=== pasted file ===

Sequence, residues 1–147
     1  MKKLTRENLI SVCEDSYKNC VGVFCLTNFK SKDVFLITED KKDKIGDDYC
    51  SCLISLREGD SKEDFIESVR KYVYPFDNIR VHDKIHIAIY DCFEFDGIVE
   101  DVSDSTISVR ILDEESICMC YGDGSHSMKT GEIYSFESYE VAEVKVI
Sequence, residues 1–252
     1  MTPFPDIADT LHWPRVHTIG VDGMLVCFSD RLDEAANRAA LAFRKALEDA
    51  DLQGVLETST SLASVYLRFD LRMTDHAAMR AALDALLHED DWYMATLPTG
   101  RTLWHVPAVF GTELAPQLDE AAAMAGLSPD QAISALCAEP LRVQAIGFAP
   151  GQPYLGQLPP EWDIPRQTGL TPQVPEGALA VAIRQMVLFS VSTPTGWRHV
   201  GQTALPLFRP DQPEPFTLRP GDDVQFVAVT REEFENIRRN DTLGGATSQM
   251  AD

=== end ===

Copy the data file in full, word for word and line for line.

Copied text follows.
Sequence, residues 1–147
     1  MKKLTRENLI SVCEDSYKNC VGVFCLTNFK SKDVFLITED KKDKIGDDYC
    51  SCLISLREGD SKEDFIESVR KYVYPFDNIR VHDKIHIAIY DCFEFDGIVE
   101  DVSDSTISVR ILDEESICMC YGDGSHSMKT GEIYSFESYE VAEVKVI
Sequence, residues 1–252
     1  MTPFPDIADT LHWPRVHTIG VDGMLVCFSD RLDEAANRAA LAFRKALEDA
    51  DLQGVLETST SLASVYLRFD LRMTDHAAMR AALDALLHED DWYMATLPTG
   101  RTLWHVPAVF GTELAPQLDE AAAMAGLSPD QAISALCAEP LRVQAIGFAP
   151  GQPYLGQLPP EWDIPRQTGL TPQVPEGALA VAIRQMVLFS VSTPTGWRHV
   201  GQTALPLFRP DQPEPFTLRP GDDVQFVAVT REEFENIRRN DTLGGATSQM
   251  AD